Maybe you want to see how people are responding to a story or blog of yours – do they love it or hate it; does it make them excited? Maybe you want to detect the tone of people mentioning your company or product. Or perhaps you want to keep tabs on the mood of stocks in order to make money. We can use sentiment analysis for all of these things.
In this multi-part series, we will look at different methods of sentiment and emotion analysis in both Python and R. We will compare performance on a standard dataset, and also scrape our own live tweets for analysis. Finally, we will check performance on stock-related text snippets from news headlines and stocktwits.
Currently if you Google ‘Python sentiment analysis package’, the top results include textblob and NLTK. However, both of these use Naive Bayes models, which are pretty weak. Another option is the VADER lookup dictionary, which has a pre-set score for a number of words.
We can also train our own neural network on data, and add our own custom data – adding value to our creation. Sure, you can also train your own Naive Bayes model – which I’ll show you how to do – but for reasons we’ll get in to, it doesn’t work super well.
Let’s begin with the simple model. The simplest model is a lookup dictionary. You take your words, then check if they are in your dictionary. If you find the word in the dictionary, return the sentiment. Here is an example of using the textblob lookup dictionary:
This will output:
We can see it has polarity (sentiment – +1 is most positive, -1 most negative), subjectivity (0 is completely objective, i.e. factual; 1 is completely subjective, i.e. an opinion), and assessments. The ‘assessments’ are each chunk textblob is using to assess the sentence. The first phrase has a modifier – ‘not’ – which changes the score of the word ‘good’. ‘not’ will flip the sign of the polarity (sentiment), and also multiplies it by 0.5 (because the original score for ‘good’ is 0.7 according to the dictionary). The last thing which is None for ‘not good’ and ‘mood’ for the smiley is the ‘semantic label’. For emoticons in textblob, this is labeled a ‘mood’, for an exclamation mark in parenthesis, like (!), this is considered irony (making that assessment completely subjective).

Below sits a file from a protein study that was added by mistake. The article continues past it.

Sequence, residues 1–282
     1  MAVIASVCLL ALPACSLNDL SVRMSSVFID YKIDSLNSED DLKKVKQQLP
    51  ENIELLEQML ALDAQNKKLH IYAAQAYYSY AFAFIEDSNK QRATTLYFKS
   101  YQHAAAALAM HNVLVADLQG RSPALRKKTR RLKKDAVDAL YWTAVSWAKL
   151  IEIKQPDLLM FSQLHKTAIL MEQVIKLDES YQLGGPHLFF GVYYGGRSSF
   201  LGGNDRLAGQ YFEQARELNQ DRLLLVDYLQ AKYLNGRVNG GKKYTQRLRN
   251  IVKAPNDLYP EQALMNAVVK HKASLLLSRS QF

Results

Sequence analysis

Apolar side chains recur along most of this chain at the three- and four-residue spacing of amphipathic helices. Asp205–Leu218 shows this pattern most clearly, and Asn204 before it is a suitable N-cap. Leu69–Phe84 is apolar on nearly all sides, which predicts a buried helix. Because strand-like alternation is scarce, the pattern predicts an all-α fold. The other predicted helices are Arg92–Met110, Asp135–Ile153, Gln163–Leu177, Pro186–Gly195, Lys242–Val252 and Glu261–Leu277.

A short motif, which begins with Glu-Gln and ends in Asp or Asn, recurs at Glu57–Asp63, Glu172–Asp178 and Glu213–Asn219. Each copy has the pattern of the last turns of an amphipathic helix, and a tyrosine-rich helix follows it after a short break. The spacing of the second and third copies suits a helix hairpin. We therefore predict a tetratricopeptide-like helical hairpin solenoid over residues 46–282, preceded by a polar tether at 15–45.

As you can tell, the default sentiment analysis in textblob is very rule-based.
Next step up: Naive Bayes
The next step up is to use the Naive Bayes model. This ends up following the equation:
where is the predicted probability of the class , is the probability of class in the training dataset, and is the probability of seeing a word given the class . The big Pi symbol () means we multiply all these values together for all the words in our dataset.
Another way of writing this (identical to the sklearn explanation) is:
where we take the largest probability out of our predictions, and use that as our class prediction. A detail which can make this incorrect is if we have two classes, we can set the threshold anywhere between 0 and 1 to choose our prediction, meaning our predicted class won’t always be the max value. This is related to ROC/AUC. Want to learn more about setting the best threshold for text classification/binary sentiment analysis? Sign up for the email list to get notified when I publish more materials, including those on ROC/AUC and training your own sentiment analysis classifiers:
Here is the sentiment dictionary used the the textblob library. Textblob adds a bit of complexity with ‘assessments’, which are words with modifiers like ‘not’. I’m not sure where this is in the docs exactly, but in the source code, it talks about it here:
Small detail: multiple entries in lookup dictionary
Scores for words with multiple entries in the dictionary are averaged. This can be verified by checking out the subjectivity of the word accurate, which has 3 versions in the lookup dictionary. The subjectivity score is 0.63333 (the average of 0.5, 0.6, and 0.8 – the 3 values for ‘accurate’ in the lookup dictionary). Here is example code you can use to verify this (I ran it in an IPython shell):